Essential oils extracted by hydrodistillation from wild plants and plants acclimatized under different culture conditions of Mentha rotundifolia were investigated and their antimicrobial activity against five pathogenic microbial strains was evaluated by Benhamed et al. [6].

Nature has provided us with a wide range of biological compounds that can be used to combat health problems. Food and pharmaceutical companies have developed a range of new approaches to exploit and efficiently preserve the diversity and quality of bioactive compounds. Many workshops regularly make the screening of plant species looking for new bioactive metabolites developing different extractive methods also because no universal extraction method is ideal and each extraction procedure is unique. In this review work, several methods of analysis and extraction procedures have been evaluated [7].

Chemical analysis by GC/MS revealed the predominance of piperitenone oxide. Its content in acclimatized seedlings was 93.07% for seedlings grown at 16°C and a photoperiod of 16 hours light / 8 hours dark, statistically higher than in wild plants where it was around 78%. Limonene content was also different in the two conditions. In general, it was found that the antimicrobial activities of essential oils extracted from acclimatized plants were superior to those of field-grown M. rotundifolia plants. In particular, those grown at 16°C or in total darkness were the most active while those grown at 35°C were the least active.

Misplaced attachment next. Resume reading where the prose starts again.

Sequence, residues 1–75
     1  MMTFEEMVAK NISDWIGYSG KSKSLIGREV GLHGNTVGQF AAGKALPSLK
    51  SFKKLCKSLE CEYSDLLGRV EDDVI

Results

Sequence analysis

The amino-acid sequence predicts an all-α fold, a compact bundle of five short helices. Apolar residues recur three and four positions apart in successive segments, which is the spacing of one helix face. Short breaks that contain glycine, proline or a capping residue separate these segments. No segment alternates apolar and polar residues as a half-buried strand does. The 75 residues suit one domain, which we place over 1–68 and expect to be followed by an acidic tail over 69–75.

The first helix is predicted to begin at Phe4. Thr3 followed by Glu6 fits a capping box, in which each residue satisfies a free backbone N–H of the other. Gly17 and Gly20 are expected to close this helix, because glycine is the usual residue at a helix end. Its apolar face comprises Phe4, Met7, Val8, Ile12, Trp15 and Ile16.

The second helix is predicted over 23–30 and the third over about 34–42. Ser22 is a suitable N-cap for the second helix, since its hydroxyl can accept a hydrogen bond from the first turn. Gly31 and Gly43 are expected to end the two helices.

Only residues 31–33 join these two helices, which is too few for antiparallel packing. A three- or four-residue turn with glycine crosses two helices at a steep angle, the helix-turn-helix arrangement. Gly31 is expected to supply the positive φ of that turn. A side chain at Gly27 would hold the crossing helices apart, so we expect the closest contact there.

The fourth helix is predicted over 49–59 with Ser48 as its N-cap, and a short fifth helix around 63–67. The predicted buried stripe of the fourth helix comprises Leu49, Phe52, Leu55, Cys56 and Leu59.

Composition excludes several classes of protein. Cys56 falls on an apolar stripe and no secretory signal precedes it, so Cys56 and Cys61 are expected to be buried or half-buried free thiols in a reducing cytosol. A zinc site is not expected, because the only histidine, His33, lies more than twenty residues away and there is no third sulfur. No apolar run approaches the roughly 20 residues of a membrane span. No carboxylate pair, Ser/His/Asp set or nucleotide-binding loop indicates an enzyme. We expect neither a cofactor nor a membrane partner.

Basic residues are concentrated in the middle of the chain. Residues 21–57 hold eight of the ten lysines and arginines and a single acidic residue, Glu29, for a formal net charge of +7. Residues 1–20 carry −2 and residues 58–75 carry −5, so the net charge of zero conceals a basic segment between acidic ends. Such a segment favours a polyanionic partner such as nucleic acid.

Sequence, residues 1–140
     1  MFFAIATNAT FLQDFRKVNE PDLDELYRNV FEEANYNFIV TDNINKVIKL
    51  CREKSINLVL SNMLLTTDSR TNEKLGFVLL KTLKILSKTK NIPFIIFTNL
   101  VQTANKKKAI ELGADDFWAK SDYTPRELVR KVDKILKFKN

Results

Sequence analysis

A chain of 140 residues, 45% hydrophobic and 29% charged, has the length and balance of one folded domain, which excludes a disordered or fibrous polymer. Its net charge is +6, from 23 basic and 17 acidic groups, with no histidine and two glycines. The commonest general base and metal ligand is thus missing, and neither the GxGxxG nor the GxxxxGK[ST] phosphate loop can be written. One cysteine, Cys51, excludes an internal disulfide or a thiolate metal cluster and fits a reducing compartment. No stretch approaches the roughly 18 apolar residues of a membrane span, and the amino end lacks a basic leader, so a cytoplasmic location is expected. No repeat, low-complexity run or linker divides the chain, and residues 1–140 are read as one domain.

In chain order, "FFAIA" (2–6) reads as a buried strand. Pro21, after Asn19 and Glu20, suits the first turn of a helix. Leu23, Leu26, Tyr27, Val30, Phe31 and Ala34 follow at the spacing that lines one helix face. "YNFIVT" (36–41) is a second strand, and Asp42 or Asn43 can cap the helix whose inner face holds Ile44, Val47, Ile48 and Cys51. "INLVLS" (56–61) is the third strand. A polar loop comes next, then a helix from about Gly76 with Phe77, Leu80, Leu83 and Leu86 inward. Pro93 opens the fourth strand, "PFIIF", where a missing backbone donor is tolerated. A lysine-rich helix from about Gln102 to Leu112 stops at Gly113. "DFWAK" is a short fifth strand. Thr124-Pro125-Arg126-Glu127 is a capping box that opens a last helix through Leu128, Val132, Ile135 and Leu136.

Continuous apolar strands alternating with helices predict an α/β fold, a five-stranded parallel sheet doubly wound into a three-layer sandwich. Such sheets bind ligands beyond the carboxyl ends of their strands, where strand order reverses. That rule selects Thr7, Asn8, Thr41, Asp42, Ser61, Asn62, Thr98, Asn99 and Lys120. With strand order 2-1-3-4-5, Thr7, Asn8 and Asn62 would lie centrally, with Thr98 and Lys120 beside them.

Dr., PhD, Stefania Garzoli
Department of Chemistry and Technologies of Drug Sapienza University,
P.le Aldo Moro 5, 00185 Rome,
Tel: +390649913611



Qader SW, Chua LS, Fournier J, Ozdemir M. Potential effect of medicinal plants on the prevention of gastric ulcer: Mechanism of actions. J Pharm Nutr Sci 2022; 12: 94-108.

Maroyi A. Family araliaceae in southern africa: A review of ethnobotanical uses, phytochemistry, pharmacology, and toxicology. J Pharm Nutr Sci 2022; 12: 109-127.

Mileva M, Dimitrova-Koleva A, Tsvetanova E, Krastev D, Georgieva A, Alexandrova A, Galabov AS. Mitigation of the oxidative damage in liver caused by influenza virus infection in mice by an effective combination of oseltamivir and s-adenosyl-l-methionine (sam). J Pharm Nutr Sci 2022; 12: 128-138.

Singh A, Singh P, Choudhary KK. Glycine betaine: A potential secondary metabolite against abiotic stresses. J Pharm Nutr Sci 2022; 12: 139-156.

Tripathi S, Mishra N, Mishra N. Antibacterial activity of bioactive compounds of green coffee beans on periodontogenic and nosocomial bacteria. J Pharm Nutr Sci 2022; 12: 157-164.

Benahmed A, Cherouana K, Benchikhelhocine I, Ikhlef A, Meghezzi A, Harfi B. Effects of controlled culture conditions on chemical composition and antimicrobial activities of Mentha rotundifolia essential oils. J Pharm Nutr Sci 2022; 12: 165-174.

Shireen S, Zarena AS. A generalized review on extraction of biomolecules. J Pharm Nutr Sci 2022; 12: 175-187.

Creative Commons License

This work is licensed under a Creative Commons Attribution-NonCommercial 4.0 International License.